Is your Labour council spying on you?

In yet another worrying privacy development Oxford (Labour controlled) and Southampton (Labour controlled) councils have been ordered by the Information Commissioner to stop spying on taxi cab customers. As unbelievable as it may sound these councils have required their badged taxi drivers to record CCTV of all customers and audio of their entire conversations. All the time. All without any notices or asking consent.

They say this is required for the safety of their drivers. I can understand – perhaps – CCTV being activated when a driver has a leary set of drunken lads, but I have trouble finding a justification for ‘always on’ cameras, and especially audio recordings. Surely the best person to determine whether a recording needs to happen is the taxi driver. If they feel threatened they could turn on the recording devices. This top down approach makes no sense.

Perhaps more worryingly was the attempted justification by Cllr Jacqui Rayment (Labour), Southampton City Council’s deputy leader. She says:

“We are disappointed with this decision, as it is about safety for both the drivers and passengers.
“Data is encrypted, kept very securely and only downloaded if there is a specific complaint against a driver or if the police request access in order to investigate an alleged offence. We are currently taking legal advice on the next steps to take, including appeal.” (my emphasis)

Aside from the point that they don’t think their taxi drivers can be trusted, the ‘kept very securely’ point to me is the most worrying. I wonder where it is kept. If its kept on the taxi then the driver may be able to destroy the data if they have been recorded doing something they shouldn’t. A powerful magnet is enough to erase a hard drive. This would look just like a corrupt drive so they’d get away scot free. Also it means they’re kept in cars overnight in an insecure environment. All encryption can be bypassed, its just a matter of time. Also, who holds the decryption keys? If its not kept in the taxis and is instead kept centrally, then what is stopping council workers from reviewing all the material? Being encrypted is no benefit here as presumably the councils themselves have the decryption keys so they can investigate alleged wrongdoing.

What is particularly staggering is that they managed to get this system up and running in the first place. Surely someone, somewhere, realised they don’t have the legal authority to snoop on everyone without a court order and without any suspicion of an offence having already happened. They need this, for example, if they hire someone to video you filling your recycle bin with normal rubbish – and yes, councils do routinely do this in the UK.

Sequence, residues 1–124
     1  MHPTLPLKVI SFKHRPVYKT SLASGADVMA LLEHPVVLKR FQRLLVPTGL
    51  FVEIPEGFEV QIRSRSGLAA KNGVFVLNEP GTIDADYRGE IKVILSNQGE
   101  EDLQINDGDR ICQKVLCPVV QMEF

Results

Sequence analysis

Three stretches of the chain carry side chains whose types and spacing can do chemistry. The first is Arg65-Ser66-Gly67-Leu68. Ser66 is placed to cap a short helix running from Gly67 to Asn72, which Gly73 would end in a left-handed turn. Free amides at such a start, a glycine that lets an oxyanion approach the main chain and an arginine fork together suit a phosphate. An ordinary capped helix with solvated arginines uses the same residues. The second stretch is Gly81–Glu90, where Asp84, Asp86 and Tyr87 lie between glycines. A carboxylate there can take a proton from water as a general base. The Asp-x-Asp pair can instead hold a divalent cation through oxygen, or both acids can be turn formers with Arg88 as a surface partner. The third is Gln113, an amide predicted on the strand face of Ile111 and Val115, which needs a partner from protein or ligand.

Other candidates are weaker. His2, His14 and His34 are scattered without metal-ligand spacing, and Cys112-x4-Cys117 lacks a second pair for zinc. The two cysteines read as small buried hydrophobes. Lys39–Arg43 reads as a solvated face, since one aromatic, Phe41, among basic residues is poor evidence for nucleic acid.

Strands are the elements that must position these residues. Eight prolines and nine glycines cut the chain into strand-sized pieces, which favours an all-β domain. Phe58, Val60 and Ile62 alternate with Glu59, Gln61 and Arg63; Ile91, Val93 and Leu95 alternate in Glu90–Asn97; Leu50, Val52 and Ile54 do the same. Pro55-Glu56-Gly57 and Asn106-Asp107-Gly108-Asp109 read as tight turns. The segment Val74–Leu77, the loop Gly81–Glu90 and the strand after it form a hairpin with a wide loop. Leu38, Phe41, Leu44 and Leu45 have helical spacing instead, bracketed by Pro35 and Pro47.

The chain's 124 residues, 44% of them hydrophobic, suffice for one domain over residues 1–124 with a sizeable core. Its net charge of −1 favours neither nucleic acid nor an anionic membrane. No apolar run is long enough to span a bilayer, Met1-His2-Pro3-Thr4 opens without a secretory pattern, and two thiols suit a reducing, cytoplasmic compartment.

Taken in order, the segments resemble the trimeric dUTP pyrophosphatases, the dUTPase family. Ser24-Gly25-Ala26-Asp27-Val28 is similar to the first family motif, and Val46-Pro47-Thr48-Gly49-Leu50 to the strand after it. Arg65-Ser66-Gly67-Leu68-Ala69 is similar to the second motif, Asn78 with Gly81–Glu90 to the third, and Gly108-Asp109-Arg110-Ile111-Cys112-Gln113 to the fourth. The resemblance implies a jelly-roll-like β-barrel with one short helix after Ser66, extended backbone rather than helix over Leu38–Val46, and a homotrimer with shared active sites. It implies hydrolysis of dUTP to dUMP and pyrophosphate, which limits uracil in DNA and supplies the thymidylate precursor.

There have been lots of talking heads discussing the ‘Snoopers Bill’ going through Parliament that would give GCHQ broader interception powers. Personally I’d prefer a central, professional body having these powers rather than thousands of councillors and council workers who have no oversight body watching them. GCHQ at least have the Joint Intelligence Committee (JIC) in Parliament to watch over it.

If you walk down a busy high street you expect some CCTV to keep people safe. In such a situation you are one of thousands of shoppers going about their business. Your movements aren’t individually tracked, and your private conversation remain private. Nobody expects their entire taxi journeys or conversations to be recorded and kept under lock and key by a council. Neither do they expect to be followed by an unregulated private investigator walking in their PJs to put something in the bin in the morning. Someone needs to stop this.

Unfortunately the Information Commissioner’s powers are severely limited. I would like to see him have subpoena powers, run public evidence sessions (like Parliamentary committees) and be able to hand out unlimited fines for data breaches. I would also like a separate Joint Committee of Parliament to oversee and investigate the impact of local councils’ powers under DPA and RIPA. Maybe then councillors would think twice before routinely agreeing to invade their constituents’ privacy.



About adamfowleruk
Sales Engineer and Author

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